Montreal

It's time for Quebecers to start thinking about how to get through the winter, expert says

Thanks to COVID-19, being inside now comes with a level of risk many of us have never before had to consider. There is no getting around it: this winter is going to be, at the very least, a challenge.

Plan ways to be social, plan ways to be physically active, plan to revise your plan if need be

Cross-country skiing on Mount Royal may be one option for people looking for new winter activities this year. (Graham Hughes/The Canadian Press)

As the winter sports coordinator of Randonnée Aventure, an outdoors club in Montreal, Gail Tedstone is already contemplating how she will manage this winter.

The club usually organizes bus trips and activities outside the city in the winter. But with new health rules around gatherings and distancing and even bus trips, she knows this year will be different.

"It means that we are certainly all more confined," said Tedstone, who lives in Notre-Dame-de-Grâce. "But personally, I manage to stay active and that's part of my plan, one way or the other, whether it's in town or out of town."

Having a plan, experts say, will be important for maintaining our physical and mental health over the coming months. 

When the days get shorter, and the temperatures drop, we normally begin to head inside. But thanks to COVID-19, that now comes with a level of risk many of us never had to consider before.

A security guard stands in front of the emergency unit of the Verdun Hospital in April. Getting the flu shot will be important this year, says epidemiologist Prativa Baral. (Ryan Remiorz/The Canadian Press)

At the same time, it's not yet clear what activities we'll be able to do outside. 

What will we be open over the holiday period? Ski hills will be allowed to operate, but weather issues aside, will outdoor rinks open? What is the City of Montreal doing to encourage people to go outdoors?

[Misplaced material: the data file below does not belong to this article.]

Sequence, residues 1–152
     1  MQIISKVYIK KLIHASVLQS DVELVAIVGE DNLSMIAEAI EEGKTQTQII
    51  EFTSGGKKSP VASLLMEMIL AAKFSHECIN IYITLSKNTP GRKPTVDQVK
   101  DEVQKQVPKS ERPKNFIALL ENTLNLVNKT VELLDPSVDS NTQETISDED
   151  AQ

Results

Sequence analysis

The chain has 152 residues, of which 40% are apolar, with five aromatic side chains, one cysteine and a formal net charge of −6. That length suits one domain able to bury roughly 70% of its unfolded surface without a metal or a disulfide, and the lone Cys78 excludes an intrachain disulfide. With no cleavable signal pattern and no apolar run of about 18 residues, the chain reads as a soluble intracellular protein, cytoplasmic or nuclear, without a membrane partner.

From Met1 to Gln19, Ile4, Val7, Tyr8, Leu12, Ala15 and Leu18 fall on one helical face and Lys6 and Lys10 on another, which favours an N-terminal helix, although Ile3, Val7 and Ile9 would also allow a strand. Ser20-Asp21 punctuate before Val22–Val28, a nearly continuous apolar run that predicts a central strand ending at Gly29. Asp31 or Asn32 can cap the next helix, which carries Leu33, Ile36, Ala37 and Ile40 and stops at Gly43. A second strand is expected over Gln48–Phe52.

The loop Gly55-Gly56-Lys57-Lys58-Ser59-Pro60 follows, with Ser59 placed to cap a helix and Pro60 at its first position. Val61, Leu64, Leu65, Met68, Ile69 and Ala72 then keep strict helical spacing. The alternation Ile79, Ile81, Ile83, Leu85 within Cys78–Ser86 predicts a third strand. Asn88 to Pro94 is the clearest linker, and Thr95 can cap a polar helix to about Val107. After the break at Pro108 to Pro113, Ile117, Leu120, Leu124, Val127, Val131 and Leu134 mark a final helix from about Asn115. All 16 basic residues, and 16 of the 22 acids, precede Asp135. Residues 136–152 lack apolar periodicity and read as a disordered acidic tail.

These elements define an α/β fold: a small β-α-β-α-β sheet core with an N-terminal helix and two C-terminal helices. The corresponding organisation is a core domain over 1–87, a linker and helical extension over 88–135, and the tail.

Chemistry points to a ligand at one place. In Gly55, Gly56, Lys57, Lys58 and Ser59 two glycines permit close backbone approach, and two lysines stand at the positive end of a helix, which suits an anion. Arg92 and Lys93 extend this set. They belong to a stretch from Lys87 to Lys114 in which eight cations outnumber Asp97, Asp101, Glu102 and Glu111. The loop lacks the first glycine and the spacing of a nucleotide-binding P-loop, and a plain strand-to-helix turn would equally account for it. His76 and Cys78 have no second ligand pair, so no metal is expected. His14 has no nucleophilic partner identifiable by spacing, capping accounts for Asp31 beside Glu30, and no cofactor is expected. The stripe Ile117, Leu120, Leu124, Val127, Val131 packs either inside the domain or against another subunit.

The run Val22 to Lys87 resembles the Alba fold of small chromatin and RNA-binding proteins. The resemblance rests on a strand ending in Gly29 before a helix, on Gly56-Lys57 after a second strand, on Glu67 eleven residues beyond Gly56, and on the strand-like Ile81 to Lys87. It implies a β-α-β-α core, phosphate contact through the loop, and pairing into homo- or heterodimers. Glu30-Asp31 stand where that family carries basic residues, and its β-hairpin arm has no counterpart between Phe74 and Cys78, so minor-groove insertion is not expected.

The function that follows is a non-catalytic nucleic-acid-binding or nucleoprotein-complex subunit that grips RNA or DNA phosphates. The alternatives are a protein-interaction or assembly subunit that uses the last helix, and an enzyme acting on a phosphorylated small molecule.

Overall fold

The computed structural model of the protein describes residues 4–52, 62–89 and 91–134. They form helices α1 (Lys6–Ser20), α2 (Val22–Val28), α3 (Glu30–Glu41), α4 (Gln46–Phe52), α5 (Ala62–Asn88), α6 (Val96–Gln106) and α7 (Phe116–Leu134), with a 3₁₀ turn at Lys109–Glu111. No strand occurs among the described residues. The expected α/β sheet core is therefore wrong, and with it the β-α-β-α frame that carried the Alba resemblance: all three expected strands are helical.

Officials say it's too soon to give definitive answers to those questions. It's not too early, though, to accept that winter is going to be tough, and like Tedstone, start planning.

How to stay physically healthy

Cases of the virus went down over the summer as many of us spent time outside, where distancing is easier and the risk of transmission is lower.

But the thing about winter in Quebec is that people wind up in crowded, unventilated spaces for long periods of time, said Pravita Baral, an epidemiologist at Johns Hopkins University. "That's basically the virus's happy place," she said.

Baral said she expects more cases will pop up as more and more of us head indoors, so large gatherings will still have to be avoided in the coming months. 

In fact, Baral said she doesn't expect that things will necessarily be very different. We will still have to physically distance and maintain hygiene measures, such as hand washing and mask wearing.

Then, there's the uncertainty around how the flu season is going to go. Some experts are worried about a so-called "twindemic," where the health-care system is overwhelmed by COVID-19 and influenza.

This man, skating on Lac Saint-Louis a few years ago, was practising physical distancing before it was mandatory. (Graham Hughes/The Canadian Press)

"I know it's difficult because people are fatigued and we all feel that mental fatigue," Baral said.

"But it's really, really important that we keep pushing at it to make sure that we don't overwhelm our health systems and to make sure that our cases are as low as possible."

How to stay mentally healthy

When the first lockdown started, it was March. Summer was coming, and we had a clearly stated goal: trying to flatten the curve, said Erin Barker, an associate professor in Concordia University's department of psychology.

At that time, we were in what could be described as an acute stress phase. "Individuals, when we're in an acute stressful situation, all of our physiological resources and psychological resources rise up and that helps us to push through," she explained.

But now we're in more of a chronic stress phase, where the daily grind feels draining, Barker says. We can't see the finish line and the strategies we came up with in March to energize ourselves are now feeling stale.

It's important to acknowledge that winter might not be what we want it to be, though without giving in to despair, Barker said. The solution? Plan ahead, as much as possible.

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"I know it seems like a lot of people will say, 'Well, how can I make plans? How can I plan for anything when there's so much uncertainty?' But I think just the act of planning will help," she said.

Plan ways to be social even though we will have to be physically distant. Plan ways to be physically active even though your usual routines — going to the gym, playing indoor sports — have been disrupted.

Find activities that are inherently pleasurable and interesting to boost your mood, and make a plan to re-evaluate your plan and ensure it's still working for you as the weeks and months go by, she said.

"I think we have to be as proactive as possible because … the deeper we get into winter, the harder it will be to dig yourself out of that [feeling] if you haven't sort of come up with some other alternatives or strategies or ideas for things that you can do to boost your mood."

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